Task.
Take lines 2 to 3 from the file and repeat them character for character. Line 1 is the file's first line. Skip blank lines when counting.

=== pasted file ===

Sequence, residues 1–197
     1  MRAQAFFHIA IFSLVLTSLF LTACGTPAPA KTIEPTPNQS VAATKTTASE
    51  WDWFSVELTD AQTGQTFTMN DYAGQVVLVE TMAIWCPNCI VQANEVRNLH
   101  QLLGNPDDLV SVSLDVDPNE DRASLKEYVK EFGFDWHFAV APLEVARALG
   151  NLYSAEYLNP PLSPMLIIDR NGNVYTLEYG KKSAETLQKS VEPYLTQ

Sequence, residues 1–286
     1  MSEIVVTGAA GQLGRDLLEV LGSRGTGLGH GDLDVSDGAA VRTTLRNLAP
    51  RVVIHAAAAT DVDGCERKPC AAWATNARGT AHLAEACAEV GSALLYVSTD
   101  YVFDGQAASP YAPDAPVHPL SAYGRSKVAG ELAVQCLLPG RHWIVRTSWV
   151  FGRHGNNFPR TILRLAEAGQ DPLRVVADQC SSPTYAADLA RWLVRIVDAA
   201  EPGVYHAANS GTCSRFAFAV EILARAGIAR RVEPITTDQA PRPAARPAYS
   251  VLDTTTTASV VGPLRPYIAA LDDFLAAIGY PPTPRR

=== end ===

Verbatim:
     1  MRAQAFFHIA IFSLVLTSLF LTACGTPAPA KTIEPTPNQS VAATKTTASE
    51  WDWFSVELTD AQTGQTFTMN DYAGQVVLVE TMAIWCPNCI VQANEVRNLH